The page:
An Iranian plant? Note flower & seed pods

« Back to Name that Plant

Date Photo Taken: 11/29/2012
Location: Houston, TX
Posted By: stevejolly

Notes:

A neighbor’s plant. He says it’s from a friend who brought it from Iran. Can grow quite wide, rising 4 feet or so high. Flowers are on stalks (photo shows one not yet open); the stalk falls sideways away from the plant and leaves pods on the ground that will root. It also sends out shoots underground that grow new plants very close to the original one. Pix show one that is 20 or more years old (note recent stalk & pods on ground at lower left), and a 2-year potted plant just beginning to flower.

COMMENTS

  1. Walter Reeves The Georgia Gardener says:

    It reminds me of walking iris but I don’t think that’s what it is.

    December 2nd, 2012 at 9:55 am
  2. stone Unregistered says:

    Looks like crinum americanum.
    While there are crinums that send out runners, most produce offsets, and this one sets large seed which come up reliably.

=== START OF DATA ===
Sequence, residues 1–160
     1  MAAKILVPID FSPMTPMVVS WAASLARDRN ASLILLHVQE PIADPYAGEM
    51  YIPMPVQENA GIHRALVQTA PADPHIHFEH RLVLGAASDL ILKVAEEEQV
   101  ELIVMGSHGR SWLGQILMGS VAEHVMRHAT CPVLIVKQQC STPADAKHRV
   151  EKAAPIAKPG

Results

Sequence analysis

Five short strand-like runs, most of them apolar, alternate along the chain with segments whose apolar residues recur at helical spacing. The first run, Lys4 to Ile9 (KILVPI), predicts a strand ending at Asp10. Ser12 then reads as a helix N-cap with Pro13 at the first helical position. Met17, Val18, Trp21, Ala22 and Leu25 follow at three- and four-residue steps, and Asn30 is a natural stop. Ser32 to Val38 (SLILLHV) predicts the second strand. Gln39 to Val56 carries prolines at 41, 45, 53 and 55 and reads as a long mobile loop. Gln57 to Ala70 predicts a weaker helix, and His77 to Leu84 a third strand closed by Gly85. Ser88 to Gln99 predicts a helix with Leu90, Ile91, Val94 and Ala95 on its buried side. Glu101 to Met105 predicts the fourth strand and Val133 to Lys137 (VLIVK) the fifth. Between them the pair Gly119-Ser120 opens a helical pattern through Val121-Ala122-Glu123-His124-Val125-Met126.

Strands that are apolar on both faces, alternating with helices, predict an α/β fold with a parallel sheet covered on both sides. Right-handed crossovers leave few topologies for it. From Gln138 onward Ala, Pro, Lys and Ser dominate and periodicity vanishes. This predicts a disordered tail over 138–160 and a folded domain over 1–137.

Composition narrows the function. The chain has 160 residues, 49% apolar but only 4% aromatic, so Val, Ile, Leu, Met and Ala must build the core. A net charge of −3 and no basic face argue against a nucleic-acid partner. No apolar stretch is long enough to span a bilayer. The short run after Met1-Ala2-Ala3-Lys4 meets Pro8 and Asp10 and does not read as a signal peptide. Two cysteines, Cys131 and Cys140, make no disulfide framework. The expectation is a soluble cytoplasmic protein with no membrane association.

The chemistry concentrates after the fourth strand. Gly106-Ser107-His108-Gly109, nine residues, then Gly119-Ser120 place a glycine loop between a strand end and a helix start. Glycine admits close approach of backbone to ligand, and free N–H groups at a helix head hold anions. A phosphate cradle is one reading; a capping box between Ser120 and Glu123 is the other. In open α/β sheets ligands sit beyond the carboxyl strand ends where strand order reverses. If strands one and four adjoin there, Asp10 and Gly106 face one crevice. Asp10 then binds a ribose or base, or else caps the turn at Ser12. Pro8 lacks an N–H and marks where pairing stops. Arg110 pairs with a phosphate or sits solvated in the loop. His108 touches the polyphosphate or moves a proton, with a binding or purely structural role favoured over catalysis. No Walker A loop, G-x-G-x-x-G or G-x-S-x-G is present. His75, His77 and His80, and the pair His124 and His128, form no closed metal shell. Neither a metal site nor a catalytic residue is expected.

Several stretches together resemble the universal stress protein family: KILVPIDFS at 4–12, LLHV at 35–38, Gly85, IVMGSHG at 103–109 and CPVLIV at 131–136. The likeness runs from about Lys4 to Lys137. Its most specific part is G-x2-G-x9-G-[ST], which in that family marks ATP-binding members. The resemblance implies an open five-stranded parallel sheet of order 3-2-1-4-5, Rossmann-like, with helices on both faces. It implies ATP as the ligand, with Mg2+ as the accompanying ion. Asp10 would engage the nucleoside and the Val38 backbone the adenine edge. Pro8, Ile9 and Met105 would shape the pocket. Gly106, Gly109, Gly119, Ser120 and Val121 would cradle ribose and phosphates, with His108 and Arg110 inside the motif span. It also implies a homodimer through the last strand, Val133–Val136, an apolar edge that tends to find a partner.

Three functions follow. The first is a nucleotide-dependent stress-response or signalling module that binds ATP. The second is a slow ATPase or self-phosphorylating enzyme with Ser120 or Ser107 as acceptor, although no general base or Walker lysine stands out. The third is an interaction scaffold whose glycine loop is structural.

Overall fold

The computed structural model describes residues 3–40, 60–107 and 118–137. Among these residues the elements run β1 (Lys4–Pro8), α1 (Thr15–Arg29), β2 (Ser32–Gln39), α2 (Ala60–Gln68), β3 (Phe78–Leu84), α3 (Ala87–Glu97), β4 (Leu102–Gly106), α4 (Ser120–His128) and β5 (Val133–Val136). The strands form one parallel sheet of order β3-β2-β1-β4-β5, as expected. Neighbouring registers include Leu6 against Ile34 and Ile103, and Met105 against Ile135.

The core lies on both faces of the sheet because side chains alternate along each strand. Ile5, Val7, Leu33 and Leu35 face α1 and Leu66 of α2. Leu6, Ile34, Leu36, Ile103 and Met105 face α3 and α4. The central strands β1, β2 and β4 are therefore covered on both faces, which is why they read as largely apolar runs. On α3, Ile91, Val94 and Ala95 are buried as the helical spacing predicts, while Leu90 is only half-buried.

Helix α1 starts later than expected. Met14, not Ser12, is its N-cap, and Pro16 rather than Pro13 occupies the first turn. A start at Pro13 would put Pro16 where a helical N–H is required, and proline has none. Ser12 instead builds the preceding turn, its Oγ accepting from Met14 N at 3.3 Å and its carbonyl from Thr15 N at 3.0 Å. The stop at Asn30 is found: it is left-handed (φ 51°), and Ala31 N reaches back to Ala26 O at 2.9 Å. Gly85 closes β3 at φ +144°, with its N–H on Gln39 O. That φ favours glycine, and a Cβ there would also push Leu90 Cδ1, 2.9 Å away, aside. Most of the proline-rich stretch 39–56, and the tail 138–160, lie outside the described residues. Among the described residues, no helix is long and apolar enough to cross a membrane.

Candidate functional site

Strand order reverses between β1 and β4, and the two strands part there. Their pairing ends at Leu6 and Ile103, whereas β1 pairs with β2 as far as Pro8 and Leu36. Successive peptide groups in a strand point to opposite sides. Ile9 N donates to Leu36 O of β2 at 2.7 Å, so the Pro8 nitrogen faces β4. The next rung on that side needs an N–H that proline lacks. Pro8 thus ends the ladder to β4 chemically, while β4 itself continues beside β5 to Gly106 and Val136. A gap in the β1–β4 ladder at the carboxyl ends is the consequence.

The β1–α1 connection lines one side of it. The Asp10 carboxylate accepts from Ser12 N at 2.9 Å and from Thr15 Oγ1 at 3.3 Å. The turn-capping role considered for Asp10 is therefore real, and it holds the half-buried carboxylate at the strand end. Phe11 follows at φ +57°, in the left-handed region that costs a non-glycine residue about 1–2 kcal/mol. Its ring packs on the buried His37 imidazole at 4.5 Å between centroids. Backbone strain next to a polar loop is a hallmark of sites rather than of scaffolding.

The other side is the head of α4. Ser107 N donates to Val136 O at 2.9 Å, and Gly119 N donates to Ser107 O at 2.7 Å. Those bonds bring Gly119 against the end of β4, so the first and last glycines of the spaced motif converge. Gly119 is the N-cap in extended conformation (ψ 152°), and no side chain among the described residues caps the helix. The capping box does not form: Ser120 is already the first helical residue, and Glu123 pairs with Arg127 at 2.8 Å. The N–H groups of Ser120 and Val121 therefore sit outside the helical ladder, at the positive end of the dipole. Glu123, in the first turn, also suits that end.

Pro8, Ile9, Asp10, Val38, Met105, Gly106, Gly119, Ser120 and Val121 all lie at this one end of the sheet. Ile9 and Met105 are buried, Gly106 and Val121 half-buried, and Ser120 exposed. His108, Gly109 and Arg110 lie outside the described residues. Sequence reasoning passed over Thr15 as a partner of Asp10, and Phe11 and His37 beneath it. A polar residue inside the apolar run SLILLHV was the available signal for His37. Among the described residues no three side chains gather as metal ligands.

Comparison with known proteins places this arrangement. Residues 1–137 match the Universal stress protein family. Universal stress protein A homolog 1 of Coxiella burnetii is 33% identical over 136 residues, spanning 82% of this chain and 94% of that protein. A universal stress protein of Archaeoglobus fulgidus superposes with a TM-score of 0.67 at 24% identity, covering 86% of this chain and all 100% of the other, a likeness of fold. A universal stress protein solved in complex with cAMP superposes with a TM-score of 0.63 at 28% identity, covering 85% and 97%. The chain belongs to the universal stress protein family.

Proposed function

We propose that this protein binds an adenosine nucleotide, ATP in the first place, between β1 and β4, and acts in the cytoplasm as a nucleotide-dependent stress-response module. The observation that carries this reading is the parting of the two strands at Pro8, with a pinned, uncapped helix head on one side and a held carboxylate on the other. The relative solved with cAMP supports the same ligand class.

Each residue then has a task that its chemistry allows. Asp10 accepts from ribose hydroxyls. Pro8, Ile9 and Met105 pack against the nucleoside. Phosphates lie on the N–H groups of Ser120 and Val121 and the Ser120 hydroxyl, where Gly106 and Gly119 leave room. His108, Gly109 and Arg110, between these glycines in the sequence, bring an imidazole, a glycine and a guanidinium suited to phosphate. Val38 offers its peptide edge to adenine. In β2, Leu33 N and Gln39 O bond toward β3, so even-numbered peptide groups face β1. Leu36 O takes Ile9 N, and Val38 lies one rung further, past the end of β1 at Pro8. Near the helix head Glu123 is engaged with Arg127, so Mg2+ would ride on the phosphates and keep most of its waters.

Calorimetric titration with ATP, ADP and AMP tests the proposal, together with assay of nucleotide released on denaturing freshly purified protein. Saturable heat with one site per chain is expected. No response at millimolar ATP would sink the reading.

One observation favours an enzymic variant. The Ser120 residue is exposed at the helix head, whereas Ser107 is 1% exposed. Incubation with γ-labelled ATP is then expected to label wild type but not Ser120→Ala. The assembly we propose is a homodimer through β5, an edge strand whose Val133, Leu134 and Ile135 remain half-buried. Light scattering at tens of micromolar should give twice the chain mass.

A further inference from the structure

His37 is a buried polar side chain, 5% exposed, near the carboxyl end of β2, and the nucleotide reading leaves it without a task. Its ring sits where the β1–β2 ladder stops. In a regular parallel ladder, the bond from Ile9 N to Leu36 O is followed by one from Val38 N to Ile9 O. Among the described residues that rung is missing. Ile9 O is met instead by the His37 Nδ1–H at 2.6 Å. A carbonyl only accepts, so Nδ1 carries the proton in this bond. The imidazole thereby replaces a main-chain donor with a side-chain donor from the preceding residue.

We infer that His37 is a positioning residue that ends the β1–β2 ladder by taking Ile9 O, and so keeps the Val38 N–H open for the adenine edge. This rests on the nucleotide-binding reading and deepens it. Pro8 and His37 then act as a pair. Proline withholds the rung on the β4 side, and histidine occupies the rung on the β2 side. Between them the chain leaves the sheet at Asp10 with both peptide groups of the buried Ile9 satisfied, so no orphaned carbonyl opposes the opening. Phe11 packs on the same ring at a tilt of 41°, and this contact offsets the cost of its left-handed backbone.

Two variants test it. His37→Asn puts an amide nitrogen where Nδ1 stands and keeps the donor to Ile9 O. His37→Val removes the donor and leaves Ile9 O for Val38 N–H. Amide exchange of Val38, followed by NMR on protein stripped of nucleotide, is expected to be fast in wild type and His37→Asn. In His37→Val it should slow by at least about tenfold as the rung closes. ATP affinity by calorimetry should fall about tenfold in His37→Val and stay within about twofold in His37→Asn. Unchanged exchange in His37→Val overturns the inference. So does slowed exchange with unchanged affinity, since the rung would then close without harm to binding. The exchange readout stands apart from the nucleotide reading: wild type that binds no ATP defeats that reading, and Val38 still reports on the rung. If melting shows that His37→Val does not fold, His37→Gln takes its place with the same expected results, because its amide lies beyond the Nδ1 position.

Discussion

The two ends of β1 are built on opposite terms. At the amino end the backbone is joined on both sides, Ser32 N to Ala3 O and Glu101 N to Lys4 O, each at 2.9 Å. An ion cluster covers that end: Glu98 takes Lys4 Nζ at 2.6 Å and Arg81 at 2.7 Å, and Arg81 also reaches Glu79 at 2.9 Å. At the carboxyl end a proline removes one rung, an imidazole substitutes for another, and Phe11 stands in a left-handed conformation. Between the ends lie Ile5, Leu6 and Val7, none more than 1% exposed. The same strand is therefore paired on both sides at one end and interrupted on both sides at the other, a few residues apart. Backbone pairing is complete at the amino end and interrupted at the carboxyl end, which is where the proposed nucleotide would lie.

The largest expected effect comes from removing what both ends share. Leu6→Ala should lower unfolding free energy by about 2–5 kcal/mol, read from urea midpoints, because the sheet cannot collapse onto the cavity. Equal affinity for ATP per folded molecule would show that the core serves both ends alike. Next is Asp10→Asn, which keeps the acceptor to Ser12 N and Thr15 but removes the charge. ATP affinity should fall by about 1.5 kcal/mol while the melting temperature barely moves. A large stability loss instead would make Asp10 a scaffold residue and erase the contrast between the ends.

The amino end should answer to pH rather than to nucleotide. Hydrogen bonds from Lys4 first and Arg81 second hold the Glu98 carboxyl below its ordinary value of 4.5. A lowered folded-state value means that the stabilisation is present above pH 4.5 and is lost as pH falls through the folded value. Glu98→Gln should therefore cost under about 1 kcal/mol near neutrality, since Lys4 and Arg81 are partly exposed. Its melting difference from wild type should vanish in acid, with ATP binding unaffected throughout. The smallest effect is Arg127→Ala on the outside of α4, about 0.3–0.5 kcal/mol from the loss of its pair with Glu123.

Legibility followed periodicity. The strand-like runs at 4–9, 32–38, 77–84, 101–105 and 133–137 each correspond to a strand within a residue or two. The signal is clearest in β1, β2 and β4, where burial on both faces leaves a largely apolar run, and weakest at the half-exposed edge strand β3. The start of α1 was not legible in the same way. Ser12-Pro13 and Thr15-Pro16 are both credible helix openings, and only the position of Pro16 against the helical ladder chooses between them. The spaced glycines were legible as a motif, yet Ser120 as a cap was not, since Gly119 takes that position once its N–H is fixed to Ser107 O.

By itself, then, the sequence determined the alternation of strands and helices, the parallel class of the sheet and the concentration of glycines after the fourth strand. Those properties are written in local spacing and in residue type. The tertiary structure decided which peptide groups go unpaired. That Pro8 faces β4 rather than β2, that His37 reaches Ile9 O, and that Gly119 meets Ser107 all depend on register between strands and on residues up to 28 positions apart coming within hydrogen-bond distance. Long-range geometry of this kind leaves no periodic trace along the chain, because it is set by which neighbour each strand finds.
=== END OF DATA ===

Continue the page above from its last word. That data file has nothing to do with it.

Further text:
December 3rd, 2012 at 12:25 pm
  3. rpaul Unregistered says:

    Looks like a crinum, maybe crinum asiaticum?
    http://www.wildsingapore.com/wildfacts/plants/coastal/crinum/asiaticum.htm

    December 3rd, 2012 at 2:55 pm
  4. stevejolly Registered says:

    Does this photo with open flowers help identify it?

    December 4th, 2012 at 2:29 pm
  5. stevejolly Registered says:

    Ah-hah! Thanks rpaul, for the link to the Crinum asiaticum photos. As you’ll see in my upload, today, the open flowers here look absolutely identical (at least, to me!) to those in the pix at the “wildsingapore.com” site. Of course, I may well be missing something that’s obvious to the rest of you, so I’ll await feedback.

    December 4th, 2012 at 3:21 pm
  6. stevejolly Registered says:

    So, especially after looking at several other websites with extensive photos of c. asiaticum — and comparing my “seed pod” to the clusters of fruit shown — I’m concluding that I have some seashore spider lilies.

    My friend’s home is being demolished and I wanted to save some samples of this unusual plant, in case it turned out to be a bit rare. So, I grew several of ‘em from seeds found on the ground, which, three years later, have led to the photos posted here (and four pots of happy young seashore spider lilies!). Good outcome. And, again, my thanks to all of you.

    December 4th, 2012 at 3:42 pm

Leave a Reply